Friday, April 1, 2011

Victorian Hair Art: Part 2

My last post should have grabbed your attention if you were not familiar with hair art.  It’s also known as hair work. 
Remember to click on the images to see a larger view.

I got my first introduction to this in June of 2009.  Well, imagine my surprise when, just 2 days later and further into our summer trip, I saw some more!  We had made our way to Des Moines, Iowa for a family wedding and our love of living history compelled us to visit Living History Farms in Urbandale, Iowa about 7 miles away.  Here you can travel through 300 years of time.

But for me, as usual before any trip, first things first.


Yes, I really did have to go.  And, yes, this is where I really went. 

My daughter’s paternal grandmother only had an outhouse when I met her father, so this suburban girl had gotten used to it. 

Except the smell as you can see.

I was quite the spectacle when I was in “training” to use Grandma’s outhouse.  Very entertaining, I’m sure.  Grandma always had a mason jar of soot from the fireplace and you're supposed to add a spoonful to the “hole” when you’re done to keep the smell down and the flies at bay.  They didn’t use one here! 

Actually, I don’t think it was that bad, I’m just such a drama queen!

Our first indoor tour was the 1900’s farm house.


So adorable – I could totally live in a house like this with it’s wooden floors, simple interior and white picket fence.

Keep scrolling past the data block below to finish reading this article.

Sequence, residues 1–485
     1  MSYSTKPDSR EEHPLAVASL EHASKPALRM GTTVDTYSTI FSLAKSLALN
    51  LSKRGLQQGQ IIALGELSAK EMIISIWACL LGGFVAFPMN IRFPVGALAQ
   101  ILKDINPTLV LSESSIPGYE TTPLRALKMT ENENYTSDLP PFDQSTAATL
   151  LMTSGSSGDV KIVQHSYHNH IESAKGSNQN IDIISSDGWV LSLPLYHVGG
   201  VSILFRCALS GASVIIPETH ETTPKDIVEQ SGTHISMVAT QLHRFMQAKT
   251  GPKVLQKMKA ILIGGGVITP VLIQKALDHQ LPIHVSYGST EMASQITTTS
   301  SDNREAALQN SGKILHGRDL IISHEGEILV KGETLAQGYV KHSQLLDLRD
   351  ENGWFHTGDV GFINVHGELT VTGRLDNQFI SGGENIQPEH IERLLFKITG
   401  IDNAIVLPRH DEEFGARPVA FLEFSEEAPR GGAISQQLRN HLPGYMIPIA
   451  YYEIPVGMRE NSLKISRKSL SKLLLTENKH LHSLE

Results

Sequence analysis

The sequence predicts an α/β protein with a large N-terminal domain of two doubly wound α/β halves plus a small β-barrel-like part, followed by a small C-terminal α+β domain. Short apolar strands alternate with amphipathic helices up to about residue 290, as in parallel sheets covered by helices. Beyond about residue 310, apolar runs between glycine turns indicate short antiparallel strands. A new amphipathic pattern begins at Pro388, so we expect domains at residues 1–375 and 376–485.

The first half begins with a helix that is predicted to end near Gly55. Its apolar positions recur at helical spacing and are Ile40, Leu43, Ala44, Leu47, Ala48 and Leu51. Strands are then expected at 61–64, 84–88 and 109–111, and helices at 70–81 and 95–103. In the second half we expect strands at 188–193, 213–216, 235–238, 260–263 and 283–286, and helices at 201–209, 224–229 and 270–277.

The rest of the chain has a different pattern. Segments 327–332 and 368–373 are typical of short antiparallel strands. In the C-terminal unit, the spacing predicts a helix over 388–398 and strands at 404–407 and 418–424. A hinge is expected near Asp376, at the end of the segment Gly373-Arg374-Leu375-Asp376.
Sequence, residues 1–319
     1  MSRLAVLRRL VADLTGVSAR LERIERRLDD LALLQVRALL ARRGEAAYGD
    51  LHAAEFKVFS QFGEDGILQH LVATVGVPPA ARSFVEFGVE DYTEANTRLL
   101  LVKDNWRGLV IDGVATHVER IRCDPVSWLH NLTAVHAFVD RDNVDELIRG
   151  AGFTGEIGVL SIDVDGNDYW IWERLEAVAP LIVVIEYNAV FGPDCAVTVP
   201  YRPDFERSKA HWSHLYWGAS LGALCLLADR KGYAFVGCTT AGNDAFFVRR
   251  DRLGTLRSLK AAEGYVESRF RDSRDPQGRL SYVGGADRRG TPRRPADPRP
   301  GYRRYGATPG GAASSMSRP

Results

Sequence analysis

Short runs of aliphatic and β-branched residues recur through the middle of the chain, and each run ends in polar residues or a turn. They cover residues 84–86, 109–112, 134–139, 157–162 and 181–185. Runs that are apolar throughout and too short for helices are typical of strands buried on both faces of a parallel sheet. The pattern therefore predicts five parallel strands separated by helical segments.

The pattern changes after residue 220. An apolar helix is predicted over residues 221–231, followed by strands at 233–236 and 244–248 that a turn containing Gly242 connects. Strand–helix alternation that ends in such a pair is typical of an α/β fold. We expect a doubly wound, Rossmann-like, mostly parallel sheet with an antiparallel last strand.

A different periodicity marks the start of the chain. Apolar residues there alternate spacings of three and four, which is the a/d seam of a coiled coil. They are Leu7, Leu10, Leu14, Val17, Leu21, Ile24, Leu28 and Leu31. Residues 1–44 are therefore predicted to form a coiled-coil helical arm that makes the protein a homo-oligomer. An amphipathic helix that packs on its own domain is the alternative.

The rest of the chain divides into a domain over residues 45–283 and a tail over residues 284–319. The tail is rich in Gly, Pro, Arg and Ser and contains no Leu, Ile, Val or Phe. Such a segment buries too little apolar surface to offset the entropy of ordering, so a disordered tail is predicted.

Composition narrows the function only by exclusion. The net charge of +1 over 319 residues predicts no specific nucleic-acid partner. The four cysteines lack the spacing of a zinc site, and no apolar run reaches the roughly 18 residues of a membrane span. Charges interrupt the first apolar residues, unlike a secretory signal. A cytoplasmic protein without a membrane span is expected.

And what is that hanging on the wall in the parlor?


“NOOOOOO!  You’re kidding me?”, I say… out loud.

Excuse the blurry picture, but this is what I ended up with.


You’ve got to be kidding me!  I’ve never seen this in my life and now twice in one week? 

Is this a divine message and I should be getting something here? 

No, I’m not going to try to make hair art or start collecting it, if that’s the divine message!


Sure enough!  It’s more HAIR ART!  Only this one has MORE HAIR and many different colors of it too!

With beads added in. 

I’m still not sure what to make of this new discovery and once again my fellow tourists left me.  I was trying to take more photos without glare (see me in the glass?).


Well, I still can’t believe it.  But it was an affirmation for me to learn more about it, for sure. 

Onward.  Now here’s an 1875 upper-class Victorian home we went through.


Look what I find… AGAIN in the master bedroom!


What’s more is that this upper-class lady also has a chamber set. 
A brush, hair irons, doo-dad for hat pins…


AND WHAT’S THIS? Could it be a hair receiver?


That’s exactly what it is!  One question answered!  A real hair receiver!


I guess she would clean her brush and also pull her hand through her hair to grab the loose strands, I know  I used to, and add it to her little dish. 

And remember when you have hair like this:

Photo from Flickr by 9teen87's Postcards

It probably mostly fills the dish in one sitting.

Finally, we visited the general store.

Neat stuff!  I would love some of this to decorate my 1970’s ranch house! HA!


 And I’ll take that wood-stove please!


Mason jars, oil lamps, coffee grinders, tins – oh my!


Love the wooden boxes for spices.


And the shoes.  Look at all those buttons!  I die.


Wait, what’s this?  Oh, no don’t tell me. 


Linen handkerchief's, combs and HAIR JEWELRY?


OK!  I can’t take it anymore!  I SEE IT!  Hair, hair everywhere!

 I’ve had enough and I wanna go home {whine}! 

Really, I just wanted to get back so I could get on the computer and learn more about this unmerciful hysteria mystery. 

I’m not done yet. 

Coming soon: Part 3.
©2010 Joanne Schleier - All Rights Reserved.

1 comment:

  1. LOL. Wonderful! My grandmother had a vanity set that included a hair receiver. I still have part of the set, but from what my grandmother said the receiver broke years ago. That's probably a good thing. I always wondered why anyone would put the hair in a receive anyway. Now I know...